Keeping Track of the Journey
Dealing with a rare disease diagnosis is often referred to as a journey. It may be toward a cure or to new ways of coping. It may include actual travel to meet with specialists, receive experimental treatment, or participate in clinical trials. Or it may preclude physical excursions, as the patient learns to navigate life with limitations. These journeys can be long and hard, but they are experienced one day at a time.
The word “journey” comes from the Old French word “jour,” which means “day.” This is the same root for the word “journal,” in which travelers who make their way across continents and through challenges record their daily adventures. Since my husband, Ronald, and I embarked on our journey from his aHUS diagnosis almost six years ago, I have found a journal to be a great companion and guide.
The medical journal
When we came home from the hospital, I opened a big blank book in which I made meticulous entries throughout the day. I noted blood pressure and temperature and wrote down what he ate and when, as well as when he slept and for how long. At the top of each page, I made a series of boxes to check, ensuring that I delivered morning and evening meds and flushed his PICC line every day. Below these numbers and lists, I often made notes on subjective aspects of his day, such as energy level and mood.
This handwritten log accompanied us to his medical appointments and was a valuable resource. While the doctors tracked his periodic lab test results, I kept a real-time record of the ups and downs and side effects of his treatments. By the time two such books were filled, my patient’s condition had stabilized and his medications had been simplified.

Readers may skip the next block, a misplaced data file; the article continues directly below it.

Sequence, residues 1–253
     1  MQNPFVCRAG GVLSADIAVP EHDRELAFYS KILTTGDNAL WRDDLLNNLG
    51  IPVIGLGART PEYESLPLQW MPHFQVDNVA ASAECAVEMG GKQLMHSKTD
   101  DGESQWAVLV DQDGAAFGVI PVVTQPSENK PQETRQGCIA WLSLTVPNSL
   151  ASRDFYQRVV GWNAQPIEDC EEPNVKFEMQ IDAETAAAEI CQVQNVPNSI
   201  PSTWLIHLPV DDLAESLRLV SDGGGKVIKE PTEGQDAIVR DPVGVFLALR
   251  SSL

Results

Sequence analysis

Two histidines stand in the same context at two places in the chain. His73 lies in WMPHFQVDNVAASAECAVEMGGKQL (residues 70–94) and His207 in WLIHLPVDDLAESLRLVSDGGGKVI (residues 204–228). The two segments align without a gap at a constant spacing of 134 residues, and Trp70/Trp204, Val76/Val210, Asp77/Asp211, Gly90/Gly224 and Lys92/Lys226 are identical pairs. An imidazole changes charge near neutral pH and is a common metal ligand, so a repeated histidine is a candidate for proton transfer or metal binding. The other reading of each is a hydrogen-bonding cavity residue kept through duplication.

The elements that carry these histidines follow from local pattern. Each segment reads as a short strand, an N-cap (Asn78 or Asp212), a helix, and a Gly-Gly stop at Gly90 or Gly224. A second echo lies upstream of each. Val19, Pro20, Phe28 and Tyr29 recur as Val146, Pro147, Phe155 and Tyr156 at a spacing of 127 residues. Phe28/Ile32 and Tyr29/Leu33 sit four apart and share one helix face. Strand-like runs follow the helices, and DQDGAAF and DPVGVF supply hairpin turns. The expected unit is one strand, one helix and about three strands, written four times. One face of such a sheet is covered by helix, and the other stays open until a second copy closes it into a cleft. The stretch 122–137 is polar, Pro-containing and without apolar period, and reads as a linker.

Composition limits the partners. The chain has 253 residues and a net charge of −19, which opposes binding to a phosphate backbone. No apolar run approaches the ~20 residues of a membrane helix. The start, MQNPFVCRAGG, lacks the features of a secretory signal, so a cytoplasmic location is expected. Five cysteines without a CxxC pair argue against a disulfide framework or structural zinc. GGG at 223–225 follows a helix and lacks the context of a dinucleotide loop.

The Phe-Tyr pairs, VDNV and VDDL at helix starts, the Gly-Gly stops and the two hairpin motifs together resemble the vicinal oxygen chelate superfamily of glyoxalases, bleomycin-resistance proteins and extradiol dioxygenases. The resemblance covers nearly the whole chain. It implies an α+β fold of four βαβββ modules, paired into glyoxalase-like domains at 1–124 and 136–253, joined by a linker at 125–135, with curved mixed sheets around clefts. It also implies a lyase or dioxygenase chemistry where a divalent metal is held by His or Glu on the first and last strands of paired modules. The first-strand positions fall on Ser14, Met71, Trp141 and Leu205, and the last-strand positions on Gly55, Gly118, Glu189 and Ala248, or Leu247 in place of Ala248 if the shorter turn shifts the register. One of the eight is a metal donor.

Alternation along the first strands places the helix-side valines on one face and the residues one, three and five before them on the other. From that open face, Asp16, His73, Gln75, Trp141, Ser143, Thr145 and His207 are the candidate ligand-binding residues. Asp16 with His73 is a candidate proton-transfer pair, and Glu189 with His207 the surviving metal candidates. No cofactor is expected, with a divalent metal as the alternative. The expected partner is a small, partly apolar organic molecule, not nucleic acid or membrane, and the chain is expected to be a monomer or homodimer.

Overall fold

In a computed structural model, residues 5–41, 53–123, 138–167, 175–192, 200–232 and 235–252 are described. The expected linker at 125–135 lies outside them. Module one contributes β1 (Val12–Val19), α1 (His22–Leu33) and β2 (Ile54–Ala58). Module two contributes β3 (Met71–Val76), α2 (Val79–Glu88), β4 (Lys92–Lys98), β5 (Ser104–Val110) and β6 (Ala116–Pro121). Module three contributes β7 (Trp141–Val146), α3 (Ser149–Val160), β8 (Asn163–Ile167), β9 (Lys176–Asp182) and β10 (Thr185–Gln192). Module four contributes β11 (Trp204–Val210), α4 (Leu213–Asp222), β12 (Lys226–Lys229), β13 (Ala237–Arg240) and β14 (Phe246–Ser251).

Since then, I have scaled back to a simpler log of vital signs, with the occasional note, in my phone.
The personal story
I have kept a journal for decades, sometimes conscientiously and at other times sporadically. The result is an odd collection of elegantly bound diaries, followed by a series of cheap spiral notebooks of various sizes and conditions. This assortment of volumes chronicles my passage from idealistic to practical in both form and content.
Ironically, when life is at its most dramatic, I tend to be the least diligent in documenting it. I could make much ado about nothing with long entries on lazy days, but what would be the point? And when events and emotions are flying, I lack the time or focus to record them.
I solved this dilemma about a dozen years ago, with the five-year, one-line-a-day format. It provides just enough space to jot down the most important or interesting tidbit of the day. And it is a fascinating way to look back and compare and contrast the years in a single page.
For the record
My husband’s medical journals and my personal ones are helpful archives for us to look back on now. Documenting his therapeutic journey and our practical and emotional challenges has provided us with proof of progress over the years.
When we get discouraged, it helps to see how far he has come in regaining strength and stamina. And when we encounter new obstacles, these records offer some perspective. In both cases, they help us to discern the difference between the need for action or acceptance.
Sometimes, these journal notes encourage us to persevere. Other times, they confirm that we have arrived at what had seemed an impossible destination when our journey began.
Note: aHUS News is strictly a news and information website about the disease. It does not provide medical advice, diagnosis, or treatment. This content is not intended to be a substitute for professional medical advice, diagnosis, or treatment. Always seek the advice of your physician or other qualified health provider with any questions you may have regarding a medical condition. Never disregard professional medical advice or delay in seeking it because of something you have read on this website. The opinions expressed in this column are not those of aHUS News or its parent company, BioNews, and are intended to spark discussion about issues pertaining to aHUS.